Change to SSH “RSA key fingerprint”

We’ve made a change to one of the SSH keys our servers use, and this post explains why a small number of customers may see a warning message as a result. If you don’t use SSH to connect to the command-line shell (most people don’t), you can ignore this post completely.

The change is that the RSA key has been increased in size (to 2,048 bits) to ensure that sites we host pass PCI compliance scans. Most modern SSH software now uses ECDSA keys instead of RSA keys, so this won’t affect most people. But if your SSH software still uses RSA keys, you may see a message like this:

Warning: the RSA host key for 'example.com' differs from the
key for the IP address '192.0.2.3'
Are you sure you want to continue connecting (yes/no)?

Or even more alarmingly, like this:

@@@@@@@@@@@@@@@@@@@@@@@@@@@@@@@@@@@@@@@@@@@@@@@@@@@@@@@@@@@
@    WARNING: REMOTE HOST IDENTIFICATION HAS CHANGED!     @
@@@@@@@@@@@@@@@@@@@@@@@@@@@@@@@@@@@@@@@@@@@@@@@@@@@@@@@@@@@
IT IS POSSIBLE THAT SOMEONE IS DOING SOMETHING NASTY!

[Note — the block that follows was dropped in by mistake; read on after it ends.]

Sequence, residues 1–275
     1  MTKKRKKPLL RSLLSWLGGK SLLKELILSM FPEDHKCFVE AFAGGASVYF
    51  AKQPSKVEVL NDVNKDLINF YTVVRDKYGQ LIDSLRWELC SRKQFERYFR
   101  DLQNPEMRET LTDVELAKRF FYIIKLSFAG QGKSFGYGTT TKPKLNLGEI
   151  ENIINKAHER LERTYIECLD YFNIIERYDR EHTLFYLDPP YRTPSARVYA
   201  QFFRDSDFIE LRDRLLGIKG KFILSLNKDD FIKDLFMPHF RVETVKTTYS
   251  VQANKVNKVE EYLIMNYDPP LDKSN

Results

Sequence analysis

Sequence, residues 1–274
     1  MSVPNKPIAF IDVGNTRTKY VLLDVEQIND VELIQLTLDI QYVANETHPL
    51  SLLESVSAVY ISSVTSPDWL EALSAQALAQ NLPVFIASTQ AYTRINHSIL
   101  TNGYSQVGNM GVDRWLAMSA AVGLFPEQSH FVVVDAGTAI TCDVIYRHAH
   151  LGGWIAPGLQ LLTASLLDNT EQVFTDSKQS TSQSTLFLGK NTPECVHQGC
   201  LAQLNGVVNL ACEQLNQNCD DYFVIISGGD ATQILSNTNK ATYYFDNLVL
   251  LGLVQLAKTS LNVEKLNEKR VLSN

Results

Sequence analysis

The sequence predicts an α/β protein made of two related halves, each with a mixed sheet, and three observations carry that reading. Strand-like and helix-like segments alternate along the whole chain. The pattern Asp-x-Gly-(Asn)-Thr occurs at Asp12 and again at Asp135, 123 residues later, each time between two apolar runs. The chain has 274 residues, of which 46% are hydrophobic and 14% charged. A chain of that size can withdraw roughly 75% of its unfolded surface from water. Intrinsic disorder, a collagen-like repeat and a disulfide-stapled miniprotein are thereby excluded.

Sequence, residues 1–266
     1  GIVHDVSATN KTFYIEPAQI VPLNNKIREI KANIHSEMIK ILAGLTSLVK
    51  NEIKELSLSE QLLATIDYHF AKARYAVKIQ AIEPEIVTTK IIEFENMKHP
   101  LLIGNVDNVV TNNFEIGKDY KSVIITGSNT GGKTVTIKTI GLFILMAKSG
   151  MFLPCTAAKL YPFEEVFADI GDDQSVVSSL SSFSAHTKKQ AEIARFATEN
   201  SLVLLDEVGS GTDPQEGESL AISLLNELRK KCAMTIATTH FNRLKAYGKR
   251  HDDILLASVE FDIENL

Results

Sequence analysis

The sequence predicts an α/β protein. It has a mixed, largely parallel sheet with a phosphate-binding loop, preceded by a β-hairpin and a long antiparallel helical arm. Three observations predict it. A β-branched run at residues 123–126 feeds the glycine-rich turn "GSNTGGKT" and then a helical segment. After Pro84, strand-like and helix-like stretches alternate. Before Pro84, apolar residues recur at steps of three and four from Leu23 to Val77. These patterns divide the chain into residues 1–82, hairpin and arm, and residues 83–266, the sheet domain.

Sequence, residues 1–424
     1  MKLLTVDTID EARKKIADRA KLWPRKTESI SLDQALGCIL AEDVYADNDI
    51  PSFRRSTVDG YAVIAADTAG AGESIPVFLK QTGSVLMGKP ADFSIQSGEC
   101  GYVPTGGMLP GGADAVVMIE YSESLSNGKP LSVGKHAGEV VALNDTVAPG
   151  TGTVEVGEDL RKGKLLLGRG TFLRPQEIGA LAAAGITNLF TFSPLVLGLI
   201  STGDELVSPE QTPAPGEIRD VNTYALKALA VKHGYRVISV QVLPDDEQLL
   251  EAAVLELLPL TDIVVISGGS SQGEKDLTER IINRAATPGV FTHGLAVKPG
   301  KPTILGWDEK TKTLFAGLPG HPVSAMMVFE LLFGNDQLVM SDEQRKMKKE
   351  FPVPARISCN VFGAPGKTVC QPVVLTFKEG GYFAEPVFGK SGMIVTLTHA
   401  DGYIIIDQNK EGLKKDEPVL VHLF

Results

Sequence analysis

Someone could be eavesdropping on you right now
(man-in-the-middle attack)!
It is also possible that a host key has just been changed.
The fingerprint for the RSA key sent by the remote host is
21:24:65:80:55:5e:8c:e2:d9:6d:21:43:ef:07:3f:21.

If you see either of these, it’s expected and okay. It’s telling you that it thinks the RSA host key has changed since the last time you connected — which it has.

If your SSH client software completely prevents you from connecting because of an existing entry in your computer’s “known_hosts” file, removing the line it mentions from that file will fix it.

The next time you connect after doing that, you’ll be prompted to add the new key. You can verify the key fingerprint it shows you on our SSH page.

Minor change to SSH settings

We’re making a minor technical change to the SSH settings our servers use, removing obsolete and insecure ciphers like “3des-cbc”.

The changes are required to ensure that sites we host pass PCI compliance scans. The obsolete ciphers allowed SSH connections that appeared to be secure, but really weren’t.

This should not affect anything for our customers who use SSH, as long as you use modern, updated SSH software. We’re just documenting it in case anyone has difficulties with SSH connections.

If you do have any trouble, the solution is almost certainly to update your SSH client software, though — the program you’re using is probably pretty outdated and may also have trouble connecting to other servers, not just ours.

As always, don’t hesitate to contact us if you have any trouble or questions.

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